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How Can Puzzles Help You Discover Words?


Crosswords. No, not argument. Puzzles.
 
I don’t like Sudoku – that’s kind of ‘zero sum’ if you know what I mean. Sure, it works the brain, but always the same pathways and always the digits 0-9. I find them tiring to do, and ultimately pointless, in the way that going to the gym is pointless for me. There are other more interesting ways of keeping the body fit – cycling for instance. The treadmaster and weights don’t interest me. Nor does a monthly subscription for the privilege. Sudoku is like the treadmill of the mind. I know that others love Sudoku and similar number games, and many enjoy the gym. But for good mental exercise with the possibilities of new words, then it’s the crosswords, just in the same way as cycling offers new vistas while exercising the body.
 
Crosswords open new pathways, give you the chance of uncovering a treasurable new word. Like treasurable – or is that already a word? Yes it is I just checked. That’s another subject, having a word named after you – like Newtonian mechanics, or Brownian motion. Or Calculus. Ok, Newtonian and Brownian are adjectival in nature, and I don’t think there’s anyone by the name of Calculus – I guess it’s just Latin for calculating, or something mathematical. My two years of Latin in school didn’t take me that far. The Pubic wars, that’s all I can remember. Oh, and strange tenses. 
 
How about first use of a word then? William Gibson invented the word ‘cyberspace’ – I believe the first known use of the word was in his novel ‘Virtual Light’. How about that? What a legacy to leave!
 
Anyway, crossword puzzles, and the discovery of new words. Can you remember the first word you learned from a crossword? And I don’t mean by checking the answers to the ones you couldn’t work out. I mean a word you built up from the crumbs of the clue, to fit the rest of the words. You sat back and looked at it, turned it around in your brain, wondered if it exists, rolled it off your tongue. They don’t all roll off the tongue in a satisfying aural or lingual way, but my first one did. I’m sure there’s a term for that ‘rolling off the tongue’, but I don’t know it.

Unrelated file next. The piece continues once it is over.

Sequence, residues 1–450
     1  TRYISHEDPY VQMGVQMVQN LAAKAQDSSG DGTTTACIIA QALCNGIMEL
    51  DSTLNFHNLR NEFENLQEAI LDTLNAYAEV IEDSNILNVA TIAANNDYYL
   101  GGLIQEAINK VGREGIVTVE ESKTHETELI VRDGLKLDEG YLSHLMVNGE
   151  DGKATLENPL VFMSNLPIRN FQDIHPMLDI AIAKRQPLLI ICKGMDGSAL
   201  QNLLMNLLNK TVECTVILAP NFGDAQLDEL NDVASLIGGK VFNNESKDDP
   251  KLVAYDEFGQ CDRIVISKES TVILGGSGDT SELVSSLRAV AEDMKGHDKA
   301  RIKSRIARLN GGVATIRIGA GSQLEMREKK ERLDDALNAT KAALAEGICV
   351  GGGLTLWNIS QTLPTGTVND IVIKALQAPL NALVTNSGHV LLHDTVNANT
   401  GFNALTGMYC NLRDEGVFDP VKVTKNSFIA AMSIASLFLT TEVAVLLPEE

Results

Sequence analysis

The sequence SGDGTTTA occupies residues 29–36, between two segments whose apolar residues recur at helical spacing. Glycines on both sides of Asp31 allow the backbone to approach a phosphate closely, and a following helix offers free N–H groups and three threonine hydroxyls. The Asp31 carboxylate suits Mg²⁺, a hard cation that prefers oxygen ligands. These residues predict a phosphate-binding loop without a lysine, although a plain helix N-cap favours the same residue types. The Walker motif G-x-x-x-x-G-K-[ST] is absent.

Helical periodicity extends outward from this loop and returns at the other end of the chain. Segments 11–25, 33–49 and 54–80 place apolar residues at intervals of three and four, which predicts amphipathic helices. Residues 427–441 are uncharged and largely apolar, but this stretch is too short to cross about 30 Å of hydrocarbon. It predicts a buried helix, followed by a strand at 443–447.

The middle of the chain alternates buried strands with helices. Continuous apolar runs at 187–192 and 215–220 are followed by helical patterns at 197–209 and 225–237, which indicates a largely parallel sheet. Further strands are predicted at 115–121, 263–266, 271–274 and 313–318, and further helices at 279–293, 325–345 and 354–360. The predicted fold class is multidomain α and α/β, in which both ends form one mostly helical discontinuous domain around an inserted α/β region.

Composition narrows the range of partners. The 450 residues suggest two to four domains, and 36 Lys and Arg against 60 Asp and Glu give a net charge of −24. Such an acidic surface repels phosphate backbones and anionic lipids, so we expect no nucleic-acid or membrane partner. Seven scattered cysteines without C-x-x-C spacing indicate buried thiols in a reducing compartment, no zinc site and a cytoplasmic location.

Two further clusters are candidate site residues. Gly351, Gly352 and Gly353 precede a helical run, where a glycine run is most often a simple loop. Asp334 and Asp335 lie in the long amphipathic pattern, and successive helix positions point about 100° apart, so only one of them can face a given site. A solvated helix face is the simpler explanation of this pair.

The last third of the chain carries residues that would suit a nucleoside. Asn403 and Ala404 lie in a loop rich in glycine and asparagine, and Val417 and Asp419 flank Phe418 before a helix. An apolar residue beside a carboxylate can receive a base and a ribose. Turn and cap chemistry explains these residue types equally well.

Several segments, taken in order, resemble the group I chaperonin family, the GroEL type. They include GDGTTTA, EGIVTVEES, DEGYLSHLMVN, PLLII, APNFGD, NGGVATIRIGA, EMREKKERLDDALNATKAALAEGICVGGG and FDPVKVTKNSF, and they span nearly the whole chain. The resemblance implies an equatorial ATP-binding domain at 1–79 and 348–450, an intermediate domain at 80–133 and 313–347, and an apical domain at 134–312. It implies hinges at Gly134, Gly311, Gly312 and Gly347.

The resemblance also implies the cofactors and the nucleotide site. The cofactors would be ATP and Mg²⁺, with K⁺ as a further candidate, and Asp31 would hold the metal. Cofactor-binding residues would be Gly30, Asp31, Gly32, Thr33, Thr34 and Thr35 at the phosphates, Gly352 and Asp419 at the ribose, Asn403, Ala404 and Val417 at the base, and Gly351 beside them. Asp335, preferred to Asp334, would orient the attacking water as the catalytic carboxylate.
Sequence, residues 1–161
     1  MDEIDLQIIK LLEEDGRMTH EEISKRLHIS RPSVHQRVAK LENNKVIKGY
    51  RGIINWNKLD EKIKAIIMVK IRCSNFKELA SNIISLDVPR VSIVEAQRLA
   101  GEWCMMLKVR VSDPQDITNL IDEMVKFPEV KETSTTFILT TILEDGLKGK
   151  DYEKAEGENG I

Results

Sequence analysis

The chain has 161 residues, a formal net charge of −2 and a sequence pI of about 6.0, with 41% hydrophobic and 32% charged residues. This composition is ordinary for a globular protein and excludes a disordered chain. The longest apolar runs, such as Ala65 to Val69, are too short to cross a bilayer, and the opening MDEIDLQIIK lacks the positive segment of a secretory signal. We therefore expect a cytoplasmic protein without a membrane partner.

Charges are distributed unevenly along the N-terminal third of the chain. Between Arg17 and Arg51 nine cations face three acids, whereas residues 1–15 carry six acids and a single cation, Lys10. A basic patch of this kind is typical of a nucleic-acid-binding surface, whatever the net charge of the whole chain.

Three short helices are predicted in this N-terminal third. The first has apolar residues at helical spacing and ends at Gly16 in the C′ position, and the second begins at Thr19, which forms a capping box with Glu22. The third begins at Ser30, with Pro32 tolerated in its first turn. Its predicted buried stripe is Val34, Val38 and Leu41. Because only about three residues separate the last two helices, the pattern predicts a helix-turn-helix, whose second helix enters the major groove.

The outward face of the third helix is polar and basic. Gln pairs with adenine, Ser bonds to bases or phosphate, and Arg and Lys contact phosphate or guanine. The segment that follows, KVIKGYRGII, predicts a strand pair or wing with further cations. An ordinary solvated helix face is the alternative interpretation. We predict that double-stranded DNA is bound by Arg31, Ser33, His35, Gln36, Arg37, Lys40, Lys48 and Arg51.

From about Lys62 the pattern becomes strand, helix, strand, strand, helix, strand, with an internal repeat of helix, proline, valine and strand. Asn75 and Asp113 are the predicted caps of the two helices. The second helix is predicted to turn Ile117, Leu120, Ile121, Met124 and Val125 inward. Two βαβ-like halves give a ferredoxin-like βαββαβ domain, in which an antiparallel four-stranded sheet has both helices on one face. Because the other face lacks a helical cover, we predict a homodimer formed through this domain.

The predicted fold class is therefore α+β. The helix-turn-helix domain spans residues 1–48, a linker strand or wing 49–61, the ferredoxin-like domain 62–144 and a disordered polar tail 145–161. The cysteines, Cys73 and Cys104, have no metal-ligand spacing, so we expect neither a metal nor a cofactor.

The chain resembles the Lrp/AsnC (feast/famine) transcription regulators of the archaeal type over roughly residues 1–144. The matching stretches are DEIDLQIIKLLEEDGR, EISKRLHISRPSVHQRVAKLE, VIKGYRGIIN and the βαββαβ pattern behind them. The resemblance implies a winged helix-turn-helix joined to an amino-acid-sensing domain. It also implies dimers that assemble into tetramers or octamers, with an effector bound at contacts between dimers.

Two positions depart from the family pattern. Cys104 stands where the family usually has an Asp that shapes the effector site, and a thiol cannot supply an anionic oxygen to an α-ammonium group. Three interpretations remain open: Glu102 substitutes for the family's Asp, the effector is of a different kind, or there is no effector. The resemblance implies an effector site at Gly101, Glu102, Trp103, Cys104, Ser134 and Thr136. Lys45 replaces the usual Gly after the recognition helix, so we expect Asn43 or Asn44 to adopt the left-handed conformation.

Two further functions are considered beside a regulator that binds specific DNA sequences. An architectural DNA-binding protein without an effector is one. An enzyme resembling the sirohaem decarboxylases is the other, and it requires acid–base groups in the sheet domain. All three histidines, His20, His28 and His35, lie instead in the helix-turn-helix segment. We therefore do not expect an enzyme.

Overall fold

Termagant.
 
There, I’ve said it. The scraps of the clue, the hints and the letters from the cross words (literally), led me to the inescapable conclusion that the answer was ‘termagant’. I wrote the letters in, with conviction, though it was at that time a strange, unheard and hitherto (for me), unseen word. I envisioned something with six or eight legs, though there was, literally, no clue to suggest that.
 
It must have been twenty years ago when I worked it out, and the clue which opened the door to that word is long forgotten. Fishwife, more or less, that’s what it means. Fishwife is in itself rather odd, as it has little to do with fish (in one definition), though undoubtedly that is at the root of its etymology (or am I being redundant)? Termagant or fishwife, they are best avoided in real life. ‘A woman regarded as coarse and shrewishly abusive’. The definition certainly makes it a memorable word.
 
So, termagant was my first memorable discovery. Do you have any?
 
Crossword clues are now a part of my daily ritual. Solving a few clues whilst I am eating breakfast gets my brain into gear for the day, and with that there’s always the tantalising possibility of a discovery. I’ve discovered other words, but as with lovers, it’s always the first you remember. Provided, of course, you keep exercising your brain.
 
Termagant.